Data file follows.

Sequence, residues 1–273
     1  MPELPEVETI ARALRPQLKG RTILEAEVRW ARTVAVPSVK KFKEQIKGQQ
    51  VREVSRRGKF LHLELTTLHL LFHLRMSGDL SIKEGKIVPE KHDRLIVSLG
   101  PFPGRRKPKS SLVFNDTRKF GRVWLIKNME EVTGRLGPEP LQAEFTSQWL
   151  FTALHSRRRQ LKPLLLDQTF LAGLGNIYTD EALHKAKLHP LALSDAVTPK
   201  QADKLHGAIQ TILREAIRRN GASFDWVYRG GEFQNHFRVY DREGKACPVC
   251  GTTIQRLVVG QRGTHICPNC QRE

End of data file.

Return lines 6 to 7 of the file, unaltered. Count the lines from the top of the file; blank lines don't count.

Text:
   201  QADKLHGAIQ TILREAIRRN GASFDWVYRG GEFQNHFRVY DREGKACPVC
   251  GTTIQRLVVG QRGTHICPNC QRE